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By Sprezz | Wednesday, 14 April 2021 17:52 | 2 Comments

Like many Revelation consultants, we have a number of clients who continue to use decades old software under new, more modern technologies - specifically AREV32/64. A technology that was meant to provide a transition path to a more modern UI is frequently just used as a way to continue taking advantage of the massive ROI provided by Revelation Software - in this case AREV.

But sometimes, things go wrong. And this week we were bitten by a particularly pernicious bug that we hadn't seen before.

The client reported that suddenly, blank documents were being emailed to their customers rather than the order confirmations that they were expecting. Investigation was relatively easy - isolate the section of the code that creates the files and test this. The section of code in question simply executed a PDISK to redirect printer output to a file, produced the report, then PDISK PRNed to cancel the redirection.

Upon testing, it failed to produce any output, despite reporting that the redirection was successful. Following Occam's Razor we tried to reproduce the issue by issuing a PDISK at TCL, performing a simple LIST report to disk, then doing a PDISK PRN. Surprisingly, no disk file was produced. 






But looking at the subdirectory no file was created.



So we reverted to an older version of the software and tried again - regretfully with the same result. It didn't matter how far back we went, the error persisted. At this point it became obvious that this was not the issue that the client was facing - all had been well until the last upgrade - but it WAS an issue that we were facing in our testing. But our software was a direct copy of their system, so what could it possibly be?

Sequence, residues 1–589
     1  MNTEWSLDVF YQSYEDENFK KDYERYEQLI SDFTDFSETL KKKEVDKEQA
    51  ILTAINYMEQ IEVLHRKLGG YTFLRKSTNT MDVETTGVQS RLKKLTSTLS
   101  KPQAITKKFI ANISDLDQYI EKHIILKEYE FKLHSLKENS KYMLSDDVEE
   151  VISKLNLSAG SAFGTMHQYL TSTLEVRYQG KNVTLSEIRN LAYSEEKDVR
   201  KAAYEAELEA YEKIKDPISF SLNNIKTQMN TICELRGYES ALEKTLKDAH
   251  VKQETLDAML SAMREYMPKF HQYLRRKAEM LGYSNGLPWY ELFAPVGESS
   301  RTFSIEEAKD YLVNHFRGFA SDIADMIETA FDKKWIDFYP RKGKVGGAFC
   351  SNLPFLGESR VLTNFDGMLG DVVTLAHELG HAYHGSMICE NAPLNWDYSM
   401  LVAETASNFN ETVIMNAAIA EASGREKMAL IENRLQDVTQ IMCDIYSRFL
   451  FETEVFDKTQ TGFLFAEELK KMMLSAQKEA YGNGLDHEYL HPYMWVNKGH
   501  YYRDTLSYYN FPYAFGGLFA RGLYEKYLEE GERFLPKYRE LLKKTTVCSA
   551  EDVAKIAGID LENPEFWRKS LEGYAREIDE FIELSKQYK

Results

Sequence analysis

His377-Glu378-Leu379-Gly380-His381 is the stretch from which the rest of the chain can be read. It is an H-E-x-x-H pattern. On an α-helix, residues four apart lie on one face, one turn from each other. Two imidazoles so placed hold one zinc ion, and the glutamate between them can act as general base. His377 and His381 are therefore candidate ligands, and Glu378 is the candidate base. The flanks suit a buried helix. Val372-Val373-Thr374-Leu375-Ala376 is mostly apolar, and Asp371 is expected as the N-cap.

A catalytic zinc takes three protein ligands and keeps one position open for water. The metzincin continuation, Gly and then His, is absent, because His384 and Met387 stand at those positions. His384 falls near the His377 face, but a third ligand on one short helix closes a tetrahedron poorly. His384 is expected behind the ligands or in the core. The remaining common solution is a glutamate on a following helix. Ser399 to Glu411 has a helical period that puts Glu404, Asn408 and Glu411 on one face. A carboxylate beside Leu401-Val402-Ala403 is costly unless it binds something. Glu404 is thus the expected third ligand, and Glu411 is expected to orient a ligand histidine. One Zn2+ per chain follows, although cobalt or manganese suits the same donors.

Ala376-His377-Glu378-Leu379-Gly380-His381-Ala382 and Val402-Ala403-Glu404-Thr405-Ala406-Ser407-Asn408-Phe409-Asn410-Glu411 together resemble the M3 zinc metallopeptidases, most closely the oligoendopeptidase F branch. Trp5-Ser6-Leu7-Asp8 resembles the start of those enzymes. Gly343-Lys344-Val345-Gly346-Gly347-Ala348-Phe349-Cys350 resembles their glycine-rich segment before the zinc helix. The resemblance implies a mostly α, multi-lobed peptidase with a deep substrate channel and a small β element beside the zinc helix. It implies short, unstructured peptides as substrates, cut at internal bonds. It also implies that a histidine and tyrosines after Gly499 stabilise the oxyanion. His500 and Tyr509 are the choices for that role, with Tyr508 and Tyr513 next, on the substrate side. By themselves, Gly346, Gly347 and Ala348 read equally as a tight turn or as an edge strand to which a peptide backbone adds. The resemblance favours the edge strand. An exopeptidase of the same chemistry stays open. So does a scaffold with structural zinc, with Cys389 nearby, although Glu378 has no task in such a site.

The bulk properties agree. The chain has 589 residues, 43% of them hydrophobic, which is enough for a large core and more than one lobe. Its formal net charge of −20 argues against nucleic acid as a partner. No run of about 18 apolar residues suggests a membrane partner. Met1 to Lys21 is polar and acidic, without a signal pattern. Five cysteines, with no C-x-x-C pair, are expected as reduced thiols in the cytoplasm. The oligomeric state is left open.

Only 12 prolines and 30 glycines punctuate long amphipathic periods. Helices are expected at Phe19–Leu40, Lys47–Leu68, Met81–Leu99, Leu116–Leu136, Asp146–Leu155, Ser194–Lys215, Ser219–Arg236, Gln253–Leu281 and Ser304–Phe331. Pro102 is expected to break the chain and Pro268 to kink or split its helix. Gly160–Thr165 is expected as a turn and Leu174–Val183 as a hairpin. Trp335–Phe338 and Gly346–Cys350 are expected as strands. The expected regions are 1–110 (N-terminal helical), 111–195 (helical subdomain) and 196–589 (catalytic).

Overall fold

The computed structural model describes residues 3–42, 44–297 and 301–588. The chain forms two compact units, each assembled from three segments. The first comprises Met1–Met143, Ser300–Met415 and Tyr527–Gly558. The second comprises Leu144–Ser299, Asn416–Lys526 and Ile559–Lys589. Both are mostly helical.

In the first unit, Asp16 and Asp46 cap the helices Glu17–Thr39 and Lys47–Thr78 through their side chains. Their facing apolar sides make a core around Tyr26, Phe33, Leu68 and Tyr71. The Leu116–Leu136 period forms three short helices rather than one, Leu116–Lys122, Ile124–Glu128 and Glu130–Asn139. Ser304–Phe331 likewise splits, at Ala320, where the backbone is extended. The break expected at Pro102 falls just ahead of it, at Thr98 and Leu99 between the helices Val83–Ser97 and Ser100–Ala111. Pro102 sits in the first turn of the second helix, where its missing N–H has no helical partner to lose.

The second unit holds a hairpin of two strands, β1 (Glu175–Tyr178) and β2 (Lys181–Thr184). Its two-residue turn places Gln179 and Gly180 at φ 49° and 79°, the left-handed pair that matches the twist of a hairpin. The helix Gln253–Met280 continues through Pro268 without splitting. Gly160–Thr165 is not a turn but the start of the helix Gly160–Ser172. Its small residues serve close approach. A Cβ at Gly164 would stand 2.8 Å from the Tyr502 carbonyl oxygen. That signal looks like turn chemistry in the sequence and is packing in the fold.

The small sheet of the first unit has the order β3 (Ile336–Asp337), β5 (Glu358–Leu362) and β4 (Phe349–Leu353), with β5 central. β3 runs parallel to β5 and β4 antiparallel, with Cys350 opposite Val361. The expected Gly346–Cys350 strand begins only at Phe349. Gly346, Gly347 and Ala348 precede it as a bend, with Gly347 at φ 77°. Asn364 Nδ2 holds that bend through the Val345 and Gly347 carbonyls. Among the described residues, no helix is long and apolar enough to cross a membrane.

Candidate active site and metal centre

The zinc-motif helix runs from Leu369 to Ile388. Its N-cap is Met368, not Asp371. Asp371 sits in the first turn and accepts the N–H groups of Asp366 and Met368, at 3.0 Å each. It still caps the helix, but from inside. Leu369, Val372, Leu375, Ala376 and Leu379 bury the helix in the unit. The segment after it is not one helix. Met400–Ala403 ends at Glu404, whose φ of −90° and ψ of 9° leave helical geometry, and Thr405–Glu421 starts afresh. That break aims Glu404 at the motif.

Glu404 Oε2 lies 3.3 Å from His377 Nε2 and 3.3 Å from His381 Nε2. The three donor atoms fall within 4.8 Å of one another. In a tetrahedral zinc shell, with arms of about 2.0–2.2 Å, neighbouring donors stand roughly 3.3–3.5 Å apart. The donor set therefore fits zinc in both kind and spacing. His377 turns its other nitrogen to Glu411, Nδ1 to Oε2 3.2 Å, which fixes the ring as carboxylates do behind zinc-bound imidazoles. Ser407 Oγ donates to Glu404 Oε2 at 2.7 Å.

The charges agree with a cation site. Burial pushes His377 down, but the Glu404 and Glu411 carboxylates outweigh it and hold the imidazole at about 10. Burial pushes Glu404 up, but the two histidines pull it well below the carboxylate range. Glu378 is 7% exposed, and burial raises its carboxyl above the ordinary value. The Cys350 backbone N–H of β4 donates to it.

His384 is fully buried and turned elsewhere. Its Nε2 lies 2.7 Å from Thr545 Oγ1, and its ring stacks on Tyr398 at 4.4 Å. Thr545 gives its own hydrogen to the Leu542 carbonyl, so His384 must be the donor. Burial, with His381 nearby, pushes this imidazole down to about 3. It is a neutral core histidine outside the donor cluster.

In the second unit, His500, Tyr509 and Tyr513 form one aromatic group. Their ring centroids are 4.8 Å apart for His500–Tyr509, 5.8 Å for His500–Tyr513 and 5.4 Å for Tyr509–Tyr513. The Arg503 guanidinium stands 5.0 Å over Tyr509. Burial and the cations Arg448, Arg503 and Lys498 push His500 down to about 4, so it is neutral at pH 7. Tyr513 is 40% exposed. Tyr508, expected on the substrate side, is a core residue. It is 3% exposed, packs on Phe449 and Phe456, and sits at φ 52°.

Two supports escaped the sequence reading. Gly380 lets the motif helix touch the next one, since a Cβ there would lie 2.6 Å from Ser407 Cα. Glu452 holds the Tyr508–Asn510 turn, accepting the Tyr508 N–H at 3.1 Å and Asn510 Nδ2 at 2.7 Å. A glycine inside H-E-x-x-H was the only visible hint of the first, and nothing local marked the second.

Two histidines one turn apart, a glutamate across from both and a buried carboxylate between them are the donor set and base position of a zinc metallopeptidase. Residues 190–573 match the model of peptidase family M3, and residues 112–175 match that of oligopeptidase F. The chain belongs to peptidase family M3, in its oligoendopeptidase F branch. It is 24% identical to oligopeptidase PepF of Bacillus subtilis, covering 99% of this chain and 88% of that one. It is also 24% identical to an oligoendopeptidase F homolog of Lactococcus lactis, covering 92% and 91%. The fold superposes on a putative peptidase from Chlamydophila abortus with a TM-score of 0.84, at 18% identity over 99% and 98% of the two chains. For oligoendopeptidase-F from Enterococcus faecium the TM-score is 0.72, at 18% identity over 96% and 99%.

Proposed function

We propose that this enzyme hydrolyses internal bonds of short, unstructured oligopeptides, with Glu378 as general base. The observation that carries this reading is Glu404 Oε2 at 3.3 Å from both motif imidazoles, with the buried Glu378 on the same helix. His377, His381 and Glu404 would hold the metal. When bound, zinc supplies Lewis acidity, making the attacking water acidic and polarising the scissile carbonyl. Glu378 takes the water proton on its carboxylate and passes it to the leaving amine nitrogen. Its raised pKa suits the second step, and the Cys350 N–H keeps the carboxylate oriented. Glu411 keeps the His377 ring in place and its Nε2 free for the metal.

We tried calling SETPTR directly, we tried different filenames and different extensions but to no avail. So it was time to roll out the big guns and deploy PROCMON, the stunningly useful utility from SysInternals available from Process Monitor - Windows Sysinternals | Microsoft Docs. We reproduced the lack of output with PROCMON running and examined the captured output. We filtered the output on process OENGINE.EXE and path containing ZZZZ.txt and saw 6 entries as below :-


The first 4 were as expected, but the last two were strange to say the least. The spaces in our directory path had been replaced with underscores - and strangely, Windows could not find a path with that name.

This provided us with a working theory - so we copied the system to a subdirectory with no spaces in the name and repeated the experiment. This time we saw the results we expected - a file containing output :-


and the PROCMON trace showed no errors


So it would seem that PDISK has been engineered not to work with subdirectories containing spaces in the path. 

2 Comments:

  • I would agree, no spaces in the path, as the PDISK code was last updated in 1994. Windows didn't allow spaces in folder names until much later.
    It's a wonder that a program written in 1985 for filesystems that barely had subdirectories, and enforced an 8.3 filename, works 36 years later....

    By Blogger Mike Ruane, At 14 April 2021 at 20:39  

  • Completely agree! The fact that 30 year old code can still run a company is an AMAZING ROI!

    By Blogger Sprezz, At 14 April 2021 at 20:45  

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